Re: [OPE] Marx: 'The Possibility of Non-Violent Revolution'

From: Alejandro Agafonow <>
Date: Mon Jan 12 2009 - 03:34:38 EST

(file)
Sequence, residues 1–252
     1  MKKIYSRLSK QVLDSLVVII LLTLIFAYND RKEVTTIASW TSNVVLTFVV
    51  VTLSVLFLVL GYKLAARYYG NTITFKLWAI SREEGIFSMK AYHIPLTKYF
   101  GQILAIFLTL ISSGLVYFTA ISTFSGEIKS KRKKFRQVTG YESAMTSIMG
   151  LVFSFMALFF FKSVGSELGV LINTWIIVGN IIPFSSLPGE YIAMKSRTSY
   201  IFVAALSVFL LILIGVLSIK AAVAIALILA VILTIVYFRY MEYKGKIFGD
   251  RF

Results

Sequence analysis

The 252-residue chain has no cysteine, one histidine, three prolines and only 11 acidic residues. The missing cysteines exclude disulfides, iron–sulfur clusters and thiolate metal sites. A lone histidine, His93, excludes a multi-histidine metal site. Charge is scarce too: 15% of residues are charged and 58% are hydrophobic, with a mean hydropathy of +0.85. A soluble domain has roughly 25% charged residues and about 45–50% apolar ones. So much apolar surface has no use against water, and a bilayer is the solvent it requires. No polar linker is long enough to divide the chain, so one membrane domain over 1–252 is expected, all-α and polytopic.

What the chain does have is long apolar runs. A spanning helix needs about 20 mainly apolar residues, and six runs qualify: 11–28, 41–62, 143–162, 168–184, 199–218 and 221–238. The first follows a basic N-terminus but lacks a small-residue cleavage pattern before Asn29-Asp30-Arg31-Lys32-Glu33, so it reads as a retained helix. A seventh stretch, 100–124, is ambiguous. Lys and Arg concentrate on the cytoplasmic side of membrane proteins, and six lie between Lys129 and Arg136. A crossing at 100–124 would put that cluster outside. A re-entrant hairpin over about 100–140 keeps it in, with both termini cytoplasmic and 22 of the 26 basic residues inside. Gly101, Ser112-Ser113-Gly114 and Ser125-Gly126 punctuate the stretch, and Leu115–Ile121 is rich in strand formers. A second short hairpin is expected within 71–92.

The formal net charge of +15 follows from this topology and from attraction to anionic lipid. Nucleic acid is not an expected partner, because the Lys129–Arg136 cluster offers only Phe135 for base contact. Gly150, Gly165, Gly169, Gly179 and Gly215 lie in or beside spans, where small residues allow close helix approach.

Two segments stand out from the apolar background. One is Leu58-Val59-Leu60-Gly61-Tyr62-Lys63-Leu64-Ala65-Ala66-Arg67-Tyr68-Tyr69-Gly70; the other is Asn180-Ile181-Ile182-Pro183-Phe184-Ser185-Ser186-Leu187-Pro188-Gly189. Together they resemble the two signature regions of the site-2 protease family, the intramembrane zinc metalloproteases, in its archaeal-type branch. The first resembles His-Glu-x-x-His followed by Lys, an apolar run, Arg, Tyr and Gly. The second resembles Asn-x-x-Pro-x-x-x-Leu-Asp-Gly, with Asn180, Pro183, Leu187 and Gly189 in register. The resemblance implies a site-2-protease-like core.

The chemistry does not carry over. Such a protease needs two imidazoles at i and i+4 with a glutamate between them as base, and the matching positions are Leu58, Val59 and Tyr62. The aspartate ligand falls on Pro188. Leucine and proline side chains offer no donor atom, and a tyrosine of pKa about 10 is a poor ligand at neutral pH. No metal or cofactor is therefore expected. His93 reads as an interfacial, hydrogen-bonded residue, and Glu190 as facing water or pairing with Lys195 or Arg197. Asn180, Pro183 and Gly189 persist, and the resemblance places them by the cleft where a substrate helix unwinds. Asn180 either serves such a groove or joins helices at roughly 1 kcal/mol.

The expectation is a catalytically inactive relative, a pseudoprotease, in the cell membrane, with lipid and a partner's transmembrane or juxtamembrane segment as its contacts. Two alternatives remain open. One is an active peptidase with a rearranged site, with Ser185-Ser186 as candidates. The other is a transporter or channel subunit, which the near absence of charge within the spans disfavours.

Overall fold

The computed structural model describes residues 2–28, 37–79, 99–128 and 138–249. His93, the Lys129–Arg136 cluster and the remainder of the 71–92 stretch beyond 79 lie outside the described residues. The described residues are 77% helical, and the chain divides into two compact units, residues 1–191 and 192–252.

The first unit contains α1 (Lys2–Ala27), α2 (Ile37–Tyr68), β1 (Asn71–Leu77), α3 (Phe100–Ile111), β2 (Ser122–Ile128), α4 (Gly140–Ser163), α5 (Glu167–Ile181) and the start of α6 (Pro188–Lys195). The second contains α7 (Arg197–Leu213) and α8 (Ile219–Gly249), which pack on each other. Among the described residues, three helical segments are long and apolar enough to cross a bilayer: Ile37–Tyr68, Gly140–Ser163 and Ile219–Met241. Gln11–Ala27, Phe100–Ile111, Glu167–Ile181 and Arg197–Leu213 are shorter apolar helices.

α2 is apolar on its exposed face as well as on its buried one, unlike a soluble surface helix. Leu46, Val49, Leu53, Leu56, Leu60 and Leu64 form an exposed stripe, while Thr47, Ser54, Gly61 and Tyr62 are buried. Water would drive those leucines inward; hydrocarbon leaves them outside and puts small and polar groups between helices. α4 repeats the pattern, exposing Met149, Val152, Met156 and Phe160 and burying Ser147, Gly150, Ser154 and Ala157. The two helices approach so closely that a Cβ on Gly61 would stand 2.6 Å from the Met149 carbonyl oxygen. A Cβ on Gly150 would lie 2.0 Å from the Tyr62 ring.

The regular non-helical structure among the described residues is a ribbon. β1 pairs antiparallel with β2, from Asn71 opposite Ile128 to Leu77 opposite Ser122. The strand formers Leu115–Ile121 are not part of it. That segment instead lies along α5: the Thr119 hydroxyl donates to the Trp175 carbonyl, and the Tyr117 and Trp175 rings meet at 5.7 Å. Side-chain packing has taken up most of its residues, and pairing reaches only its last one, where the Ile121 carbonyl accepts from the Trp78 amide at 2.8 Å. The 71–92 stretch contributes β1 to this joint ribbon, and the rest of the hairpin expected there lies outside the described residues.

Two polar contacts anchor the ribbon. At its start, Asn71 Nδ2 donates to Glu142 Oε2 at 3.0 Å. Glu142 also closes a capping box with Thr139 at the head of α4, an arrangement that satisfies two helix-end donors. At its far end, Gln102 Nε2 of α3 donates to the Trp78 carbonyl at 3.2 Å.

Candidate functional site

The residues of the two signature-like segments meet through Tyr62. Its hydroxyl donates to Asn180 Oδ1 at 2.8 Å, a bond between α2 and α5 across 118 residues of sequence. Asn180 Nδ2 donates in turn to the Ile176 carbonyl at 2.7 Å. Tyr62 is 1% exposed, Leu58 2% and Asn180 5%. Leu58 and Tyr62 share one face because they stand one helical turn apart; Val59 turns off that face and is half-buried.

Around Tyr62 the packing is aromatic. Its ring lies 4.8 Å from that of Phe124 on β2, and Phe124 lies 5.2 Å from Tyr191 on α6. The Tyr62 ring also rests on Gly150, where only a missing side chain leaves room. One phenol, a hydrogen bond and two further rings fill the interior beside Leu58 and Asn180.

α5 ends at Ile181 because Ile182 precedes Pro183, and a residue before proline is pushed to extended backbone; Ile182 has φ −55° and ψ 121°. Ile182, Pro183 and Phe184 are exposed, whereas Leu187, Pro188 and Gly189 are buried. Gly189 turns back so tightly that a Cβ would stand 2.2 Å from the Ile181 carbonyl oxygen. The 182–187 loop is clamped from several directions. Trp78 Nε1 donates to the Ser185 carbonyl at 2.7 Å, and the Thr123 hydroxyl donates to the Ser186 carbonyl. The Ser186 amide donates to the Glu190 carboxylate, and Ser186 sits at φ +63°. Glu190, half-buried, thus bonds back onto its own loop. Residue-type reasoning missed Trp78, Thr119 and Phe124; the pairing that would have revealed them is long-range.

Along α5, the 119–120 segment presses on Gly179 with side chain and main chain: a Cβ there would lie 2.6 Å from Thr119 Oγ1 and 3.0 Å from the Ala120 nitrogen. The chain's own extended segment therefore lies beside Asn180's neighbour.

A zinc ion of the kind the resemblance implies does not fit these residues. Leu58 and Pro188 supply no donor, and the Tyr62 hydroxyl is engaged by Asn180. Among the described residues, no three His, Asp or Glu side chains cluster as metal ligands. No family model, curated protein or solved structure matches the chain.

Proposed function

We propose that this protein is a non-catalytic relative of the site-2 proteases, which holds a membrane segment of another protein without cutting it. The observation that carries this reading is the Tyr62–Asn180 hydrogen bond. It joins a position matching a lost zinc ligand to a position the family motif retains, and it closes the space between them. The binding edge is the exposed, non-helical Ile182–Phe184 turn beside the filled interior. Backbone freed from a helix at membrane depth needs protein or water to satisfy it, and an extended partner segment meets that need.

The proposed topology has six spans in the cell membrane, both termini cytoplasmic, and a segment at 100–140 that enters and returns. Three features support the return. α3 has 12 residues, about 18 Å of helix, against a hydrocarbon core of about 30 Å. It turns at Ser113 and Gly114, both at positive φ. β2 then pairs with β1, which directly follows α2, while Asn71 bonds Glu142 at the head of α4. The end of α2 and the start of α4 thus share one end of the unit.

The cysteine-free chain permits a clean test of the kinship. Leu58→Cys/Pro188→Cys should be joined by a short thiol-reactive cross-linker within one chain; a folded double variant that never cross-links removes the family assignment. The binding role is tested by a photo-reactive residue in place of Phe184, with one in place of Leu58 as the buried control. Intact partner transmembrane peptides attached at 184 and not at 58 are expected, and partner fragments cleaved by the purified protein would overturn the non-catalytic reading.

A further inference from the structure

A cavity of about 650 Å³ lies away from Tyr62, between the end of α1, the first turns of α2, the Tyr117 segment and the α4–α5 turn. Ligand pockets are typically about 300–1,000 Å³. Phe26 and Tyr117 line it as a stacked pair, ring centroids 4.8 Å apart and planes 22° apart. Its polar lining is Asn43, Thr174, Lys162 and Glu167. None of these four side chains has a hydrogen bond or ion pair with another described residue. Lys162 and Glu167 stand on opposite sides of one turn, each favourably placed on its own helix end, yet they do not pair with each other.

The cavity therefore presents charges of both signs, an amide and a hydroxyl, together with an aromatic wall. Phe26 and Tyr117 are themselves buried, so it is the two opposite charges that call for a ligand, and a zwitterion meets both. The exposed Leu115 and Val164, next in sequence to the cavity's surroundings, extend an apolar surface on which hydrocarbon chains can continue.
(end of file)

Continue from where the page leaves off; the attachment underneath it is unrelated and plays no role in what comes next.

Thank you for the reference Jerry.   I just read it. There is not reference to a Non-Violent Revolution there.   Indeed, this speech was delivered at the Huge Congress of September 2-7, 1872, and when Mikhail Bakunin wrote a letter on the occasion of his expulsion from the International Workingmen's Association during this Congress, he criticized Marx for his idea of dictatorship:   I believe that Mr. Marx is ail earnest revolutionary, though not always a very consistent one, and that he really desires the revolt of the masses. And I wonder how he fails to see how the establishment of a universal dictatorship, collective or individual, a dictatorship that would in one way or another perform the task of chief engineer of the world revolution, regulating and directing ail insurrectionary movement of the masses in all countries pretty much as one would run a machine – that the establishment of such a dictatorship would be enough of itself to kill the revolution, to paralyze and distort all popular movements.     Regards, A. Agafonow ________________________________ De: GERALD LEVY <> Para: Outline on Political Economy mailing list <> Enviado: domingo, 11 de enero, 2009 14:42:21 Asunto: RE: [OPE] Marx: 'The Possibility of Non-Violent Revolution' > Does anyone have read?: Karl Marx, ‘The Possibility of Non-Violent Revolution’, in Robert C. Tucker (ed.), TheMarx-Engels Reader (New York, 1978), pp. 522–4. > Is it available on-line somewhere?       Yes it is, Alejandro. Marx's speech to the First International in Amsterdam on September 8, 1872 was published in the journal _La Liberte'_ and it can be read online at under the title "La Liberte' Speech".   The title of the talk was apparently given by Tucker, not Marx.   In solidarity, Jerry

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